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Month: June 2022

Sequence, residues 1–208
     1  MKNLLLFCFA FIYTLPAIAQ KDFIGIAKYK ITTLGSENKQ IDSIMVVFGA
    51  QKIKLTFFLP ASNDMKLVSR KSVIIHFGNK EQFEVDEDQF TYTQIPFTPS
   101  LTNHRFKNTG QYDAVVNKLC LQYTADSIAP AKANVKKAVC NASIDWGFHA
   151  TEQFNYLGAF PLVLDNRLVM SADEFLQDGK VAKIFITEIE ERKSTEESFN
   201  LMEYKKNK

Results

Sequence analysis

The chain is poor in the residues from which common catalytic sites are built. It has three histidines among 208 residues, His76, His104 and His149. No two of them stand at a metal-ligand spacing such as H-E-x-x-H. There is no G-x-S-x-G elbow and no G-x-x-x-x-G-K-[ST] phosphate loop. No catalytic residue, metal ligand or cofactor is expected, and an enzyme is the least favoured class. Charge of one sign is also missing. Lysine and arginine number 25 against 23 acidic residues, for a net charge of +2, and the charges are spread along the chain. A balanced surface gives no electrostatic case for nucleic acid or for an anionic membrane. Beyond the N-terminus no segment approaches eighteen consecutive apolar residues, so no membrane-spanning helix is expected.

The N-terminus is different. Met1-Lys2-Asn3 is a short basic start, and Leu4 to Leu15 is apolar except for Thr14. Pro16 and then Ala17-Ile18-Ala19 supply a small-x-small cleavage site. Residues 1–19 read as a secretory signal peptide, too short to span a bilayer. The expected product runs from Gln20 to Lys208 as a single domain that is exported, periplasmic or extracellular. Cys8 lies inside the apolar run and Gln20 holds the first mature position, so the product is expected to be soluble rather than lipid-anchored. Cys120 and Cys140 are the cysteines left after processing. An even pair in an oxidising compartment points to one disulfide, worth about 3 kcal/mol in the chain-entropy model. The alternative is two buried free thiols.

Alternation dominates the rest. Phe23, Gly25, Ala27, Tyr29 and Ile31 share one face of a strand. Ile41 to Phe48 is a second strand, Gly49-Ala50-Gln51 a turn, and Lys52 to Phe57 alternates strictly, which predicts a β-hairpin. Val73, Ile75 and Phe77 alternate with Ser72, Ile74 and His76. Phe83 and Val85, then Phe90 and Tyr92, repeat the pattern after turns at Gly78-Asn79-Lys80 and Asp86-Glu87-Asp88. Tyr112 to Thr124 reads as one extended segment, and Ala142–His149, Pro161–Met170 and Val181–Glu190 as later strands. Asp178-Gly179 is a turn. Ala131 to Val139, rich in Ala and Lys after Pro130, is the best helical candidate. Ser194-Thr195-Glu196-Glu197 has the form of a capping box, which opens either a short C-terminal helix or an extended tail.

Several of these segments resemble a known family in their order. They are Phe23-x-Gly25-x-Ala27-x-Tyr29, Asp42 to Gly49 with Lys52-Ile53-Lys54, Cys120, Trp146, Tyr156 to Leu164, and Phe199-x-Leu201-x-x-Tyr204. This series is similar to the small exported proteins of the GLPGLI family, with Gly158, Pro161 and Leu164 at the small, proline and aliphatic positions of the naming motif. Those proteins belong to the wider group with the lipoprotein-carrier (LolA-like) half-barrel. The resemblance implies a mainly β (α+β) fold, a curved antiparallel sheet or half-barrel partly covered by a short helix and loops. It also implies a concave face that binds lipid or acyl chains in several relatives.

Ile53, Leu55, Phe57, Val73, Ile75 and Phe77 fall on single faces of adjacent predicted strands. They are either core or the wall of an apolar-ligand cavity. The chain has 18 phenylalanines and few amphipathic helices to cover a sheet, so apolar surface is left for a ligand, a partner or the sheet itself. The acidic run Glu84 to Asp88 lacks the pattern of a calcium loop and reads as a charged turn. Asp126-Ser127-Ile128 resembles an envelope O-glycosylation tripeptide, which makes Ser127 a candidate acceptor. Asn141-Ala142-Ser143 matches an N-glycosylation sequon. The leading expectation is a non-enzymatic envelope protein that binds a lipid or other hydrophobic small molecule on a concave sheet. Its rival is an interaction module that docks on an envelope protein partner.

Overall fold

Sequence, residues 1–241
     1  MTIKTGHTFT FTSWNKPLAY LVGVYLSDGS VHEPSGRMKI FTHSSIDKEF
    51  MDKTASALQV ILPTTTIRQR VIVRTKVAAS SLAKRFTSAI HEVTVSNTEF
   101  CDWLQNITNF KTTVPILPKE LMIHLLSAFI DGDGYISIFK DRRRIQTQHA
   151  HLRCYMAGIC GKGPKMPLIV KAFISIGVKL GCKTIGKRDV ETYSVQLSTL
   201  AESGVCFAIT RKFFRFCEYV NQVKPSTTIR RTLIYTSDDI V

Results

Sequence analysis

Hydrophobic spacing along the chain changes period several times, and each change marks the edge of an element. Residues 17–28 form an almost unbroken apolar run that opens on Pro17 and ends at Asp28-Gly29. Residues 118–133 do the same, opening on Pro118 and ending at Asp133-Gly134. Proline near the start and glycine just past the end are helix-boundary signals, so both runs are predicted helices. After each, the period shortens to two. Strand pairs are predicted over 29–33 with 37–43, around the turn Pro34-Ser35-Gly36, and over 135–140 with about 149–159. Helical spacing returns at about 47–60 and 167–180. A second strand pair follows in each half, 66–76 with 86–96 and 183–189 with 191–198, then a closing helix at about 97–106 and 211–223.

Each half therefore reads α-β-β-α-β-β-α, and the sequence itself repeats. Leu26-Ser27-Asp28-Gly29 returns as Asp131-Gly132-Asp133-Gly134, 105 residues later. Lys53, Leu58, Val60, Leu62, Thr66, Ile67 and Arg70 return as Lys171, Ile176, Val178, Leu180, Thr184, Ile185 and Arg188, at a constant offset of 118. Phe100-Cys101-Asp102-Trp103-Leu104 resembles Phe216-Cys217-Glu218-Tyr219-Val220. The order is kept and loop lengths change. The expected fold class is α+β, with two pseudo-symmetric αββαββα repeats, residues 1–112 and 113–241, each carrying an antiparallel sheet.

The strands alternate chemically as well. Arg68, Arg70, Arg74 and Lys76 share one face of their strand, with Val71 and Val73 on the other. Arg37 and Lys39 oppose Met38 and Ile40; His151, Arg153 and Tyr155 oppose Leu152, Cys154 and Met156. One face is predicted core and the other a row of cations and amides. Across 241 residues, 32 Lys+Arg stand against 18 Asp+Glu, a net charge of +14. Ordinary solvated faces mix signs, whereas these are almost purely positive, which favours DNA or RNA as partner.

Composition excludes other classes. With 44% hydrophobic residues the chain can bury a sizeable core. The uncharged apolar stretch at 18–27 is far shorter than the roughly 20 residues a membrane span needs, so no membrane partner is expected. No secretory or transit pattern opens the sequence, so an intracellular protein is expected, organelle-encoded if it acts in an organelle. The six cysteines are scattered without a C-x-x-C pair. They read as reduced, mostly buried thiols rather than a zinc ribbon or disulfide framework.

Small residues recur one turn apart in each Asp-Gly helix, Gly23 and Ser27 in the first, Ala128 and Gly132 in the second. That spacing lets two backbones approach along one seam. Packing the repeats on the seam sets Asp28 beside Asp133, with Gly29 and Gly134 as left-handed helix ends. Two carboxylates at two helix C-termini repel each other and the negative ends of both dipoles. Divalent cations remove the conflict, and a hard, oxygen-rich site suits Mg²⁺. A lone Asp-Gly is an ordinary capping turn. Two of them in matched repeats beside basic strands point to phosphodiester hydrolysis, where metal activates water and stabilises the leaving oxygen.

“DJ’s traditional position on gender is not something he learned at home. While he was always into all the traditional boy things—cars, trucks, guns—until he was four, the boy things he liked were just the things he happened to like. He liked guns because he liked guns, not because boys were supposed to like guns. Then one day we packed DJ off to preschool. The teachers at his progressive Montessori school would sooner feed children tacks than force boys to do boy things and girls to do girl things. No, it was the other children who indoctrinated DJ into the world of gender expectations. From day one, it was the boys versus the girls. And there wasn’t much the adults could do about it. When the children weren’t engaged in Talmudic discussions about which toys or activities were male or female, the boys were chasing the girls around the yard during recess. And what did DJ learn from the other children about marriage? It was a boy and girl thing, his classmates all agreed. And it wasn’t an agreeable thing to the boys. Marriage was a weapon, something the girls would threaten to do to the boys if they ever actually caught them. To turn the tables, the girls only had to threaten to marry the boys. Marriage was nuclear cooties. Once the threat was issued, the boys would turn tail and run, the girls chasing after them now, like a bunch of magnetized pinballs whose charge had suddenly reversed. So to DJ, it didn’t make any sense that his two dads, both boys, would contemplate marrying each other. Boys weren’t supposed to be interested in marriage anymore than they were supposed to be interested in dolls, or dresses, or fairy tales about princesses. Marriage was a girl thing.” – Dan Savage, The Commitment